Jack of All Trades or Master of One?
Lauren Adams (center) teaching Jonathan Wade and Nicole Ishimaru at 24 Seven Dance Convention (photo by Austin Gill, courtesy Adams)
Ballet dancers starring on Broadway, commercial dancers performing in musicals, choreographers blurring the lines between genres: Crossover is everywhere. Even the most classical ballet companies are mixing avant-garde contemporary works into their rep, and dancers everywhere are being called upon to shift seamlessly from one style to another in the course of a single rehearsal day. Versatility seems to be the name of the game. But (almost!) no one is naturally gifted in every style of dance. So what kind of training will best prepare you to meet the demands of directors and choreographers? Does a “bit of everything” dancer risk spreading her time and talent too thin, never gaining a standout strength that directors will remember? Will laser-focusing on a favorite technique limit your career options later? We asked professionals to weigh in on the pros and cons of diversified versus specialized training.
Specialization: Find Your Niche
A specialized training path is critical in fields like ballet, where it can take up to a
decade to gain the high-level technique required for a
professional career. And being especially strong in one particular genre will give you a memorable “signature” skill that can become your calling card—a valuable asset that sets you apart.
Mallauri Esquibel is currently a successful commercial dancer who’s worked on Broadway and TV and toured with Travis Wall’s Shaping Sound. But she says years of concentrating on ballet—daily private lessons before her jazz and hip-hop classes—made all that possible. “I was interested in everything, but I still saw myself as a ballet dancer,” she says. “Now, even though ballet is not my career, my technical training is my one-up on everyone else. I love to surprise people by being the ‘ballet girl’ in the hip-hop audition.”
Jenifer Ringer teaching at Colburn Dance Academy (photo by James Fayette, courtesy the Colburn School)
And being specialized doesn’t mean eliminating all exposure to other styles. Colburn Dance Academy in L.A. is primarily a ballet training ground, but students there are prepared for what director Jenifer Ringer calls a “blended dance world,” with a curriculum including urban dance, strength training and piano, along with two daily ballet classes. “We want to keep our students from being myopic in their thinking,” she says. “The benefit of contemporary classes is learning something you can bring to your ballet. Time spent away from ballet doesn’t cancel out ballet!”
It might be surprising, but specialization can benefit you in the do-it-all world of competitions and conventions, too. New York City Dance Alliance executive director Joe Lanteri sees convention dancers moving easily from tap to hip hop to ballet to contemporary, but says strength, along with versatility, is necessary. “While 95 percent of the dancers we see will be successful because of their versatility, of course they’re better versed in one area or another,” he says. “From the standpoint of how to market yourself, it’s important to have something at the top of your resumé—as long as you have the skill to back it up.” That means digging deep enough to gain real confidence in one or two technical areas.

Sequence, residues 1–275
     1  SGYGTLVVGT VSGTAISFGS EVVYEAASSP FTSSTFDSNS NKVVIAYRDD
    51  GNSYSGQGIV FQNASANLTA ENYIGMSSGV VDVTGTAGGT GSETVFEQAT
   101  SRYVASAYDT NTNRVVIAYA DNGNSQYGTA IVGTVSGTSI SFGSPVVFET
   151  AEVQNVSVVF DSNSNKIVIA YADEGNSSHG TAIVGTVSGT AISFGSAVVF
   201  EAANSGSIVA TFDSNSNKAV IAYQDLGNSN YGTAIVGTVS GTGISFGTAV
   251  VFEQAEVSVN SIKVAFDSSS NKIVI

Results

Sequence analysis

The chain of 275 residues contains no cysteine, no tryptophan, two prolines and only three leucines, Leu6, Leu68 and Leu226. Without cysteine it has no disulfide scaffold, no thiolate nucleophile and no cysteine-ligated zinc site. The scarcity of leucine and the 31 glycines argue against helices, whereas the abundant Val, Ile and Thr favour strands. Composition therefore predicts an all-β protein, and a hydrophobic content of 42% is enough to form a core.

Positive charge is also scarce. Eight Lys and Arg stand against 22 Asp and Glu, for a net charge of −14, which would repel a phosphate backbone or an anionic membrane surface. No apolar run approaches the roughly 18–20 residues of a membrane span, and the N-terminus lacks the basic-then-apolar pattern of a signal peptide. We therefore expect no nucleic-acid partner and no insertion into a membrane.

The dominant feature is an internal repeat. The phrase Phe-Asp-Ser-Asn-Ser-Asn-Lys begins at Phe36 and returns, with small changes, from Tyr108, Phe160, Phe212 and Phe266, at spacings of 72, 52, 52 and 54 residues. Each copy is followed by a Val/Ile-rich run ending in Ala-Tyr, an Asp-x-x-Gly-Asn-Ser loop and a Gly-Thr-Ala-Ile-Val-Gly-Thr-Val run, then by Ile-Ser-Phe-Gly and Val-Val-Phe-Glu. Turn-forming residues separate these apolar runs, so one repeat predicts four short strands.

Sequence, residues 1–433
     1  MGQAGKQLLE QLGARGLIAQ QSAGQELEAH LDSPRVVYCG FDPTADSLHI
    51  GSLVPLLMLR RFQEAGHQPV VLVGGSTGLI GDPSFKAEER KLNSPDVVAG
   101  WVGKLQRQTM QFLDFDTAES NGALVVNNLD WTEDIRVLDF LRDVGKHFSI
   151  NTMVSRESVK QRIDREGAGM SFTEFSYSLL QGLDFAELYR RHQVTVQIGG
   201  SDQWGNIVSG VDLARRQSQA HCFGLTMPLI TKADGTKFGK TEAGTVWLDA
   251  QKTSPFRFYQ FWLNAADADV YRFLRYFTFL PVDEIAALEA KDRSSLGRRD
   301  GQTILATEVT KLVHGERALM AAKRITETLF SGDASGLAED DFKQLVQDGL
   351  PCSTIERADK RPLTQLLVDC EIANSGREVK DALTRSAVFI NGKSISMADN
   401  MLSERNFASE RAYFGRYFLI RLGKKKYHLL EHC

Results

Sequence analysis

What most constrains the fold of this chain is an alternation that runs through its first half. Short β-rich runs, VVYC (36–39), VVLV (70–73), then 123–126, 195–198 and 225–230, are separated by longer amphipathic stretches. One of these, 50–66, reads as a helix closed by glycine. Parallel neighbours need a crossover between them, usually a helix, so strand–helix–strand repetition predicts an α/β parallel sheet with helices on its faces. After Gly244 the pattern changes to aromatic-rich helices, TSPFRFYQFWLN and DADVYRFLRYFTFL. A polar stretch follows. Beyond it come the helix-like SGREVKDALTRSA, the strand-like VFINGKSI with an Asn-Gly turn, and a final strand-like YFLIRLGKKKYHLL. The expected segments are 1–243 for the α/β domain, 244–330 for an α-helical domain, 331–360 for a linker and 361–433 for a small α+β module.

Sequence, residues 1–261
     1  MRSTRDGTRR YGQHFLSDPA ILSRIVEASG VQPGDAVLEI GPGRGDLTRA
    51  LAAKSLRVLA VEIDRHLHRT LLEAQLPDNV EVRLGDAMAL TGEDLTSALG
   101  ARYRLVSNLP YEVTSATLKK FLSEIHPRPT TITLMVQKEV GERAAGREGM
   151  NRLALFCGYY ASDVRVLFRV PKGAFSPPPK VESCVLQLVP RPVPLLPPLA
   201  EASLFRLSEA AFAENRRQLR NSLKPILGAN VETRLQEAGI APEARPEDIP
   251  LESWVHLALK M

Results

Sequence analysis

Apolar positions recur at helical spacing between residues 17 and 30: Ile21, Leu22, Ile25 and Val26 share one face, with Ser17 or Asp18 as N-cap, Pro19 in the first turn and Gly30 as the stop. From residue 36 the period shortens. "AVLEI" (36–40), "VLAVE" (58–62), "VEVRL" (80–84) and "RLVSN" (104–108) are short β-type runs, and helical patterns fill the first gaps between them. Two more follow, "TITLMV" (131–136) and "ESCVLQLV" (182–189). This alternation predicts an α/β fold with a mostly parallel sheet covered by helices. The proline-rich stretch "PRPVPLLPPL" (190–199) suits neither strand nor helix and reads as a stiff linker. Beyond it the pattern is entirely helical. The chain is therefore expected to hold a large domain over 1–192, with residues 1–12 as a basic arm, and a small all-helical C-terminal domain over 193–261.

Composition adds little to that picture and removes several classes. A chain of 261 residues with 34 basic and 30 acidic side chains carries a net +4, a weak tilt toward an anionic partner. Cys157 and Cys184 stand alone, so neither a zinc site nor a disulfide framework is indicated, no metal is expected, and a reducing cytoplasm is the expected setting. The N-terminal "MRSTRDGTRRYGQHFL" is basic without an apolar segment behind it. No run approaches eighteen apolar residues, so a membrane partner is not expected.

Diversification: Try It All
A diverse training path will allow you to more fully explore any genre that intrigues you, which can have significant artistic as well as career-related benefits. “I think the more you try, the more you experience, the more you’re going to bring to your artistic palette,” says contemporary choreographer Lauren Adams. Learning a variety of styles will also give you more to draw from when you’re improvising or making work. Adams finds that her own diverse knowledge—she has a background in everything from ballet to tap to Latin ballroom—informs her choreography by allowing her to “speak the language” of nearly any dancer.
Some of the world’s greatest dancers stand out for their deep understanding of many different movement qualities, says Oregon Ballet Theatre artistic director Kevin Irving. In addition to studying several styles, he recommends taking workshops in improvisation or release technique, to become adaptable to various uses of space and body weight. “Being adept at learning new things is one of the most important skills a dancer can have,” he says. “Good dancing transcends stylistic applications, but part of that is knowing how to
approach each one.” In other words: Since the demands of Jiˇrí Kylián, Marius Petipa and Bob Fosse couldn’t be further apart (and very few people are equally at home in everything), learning how to approach distinct challenges is key.
The final word? Keep your options open. If you find that a focused training path isn’t working for you, it’s almost never too late to try a broader approach, and vice versa. And whatever path you choose, stay curious. Adams makes work on both specialists and generalists, but above all, “I love working with people who are willing to look crazy or bizarre for a moment and be outside their comfort zone,” she says. “They have a sense of humanity that inspires me to pull from unexpected places for new ideas.”
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The coolest place she's ever performed:
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Something she's constantly working on:
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For a long time, I was the strongest dancer at my studio. But this year there's a new girl in my class who's very talented, and my teacher's attention has definitely shifted to her. I'm trying not to feel jealous or discouraged, but it seems like my whole dance world has changed. Help!
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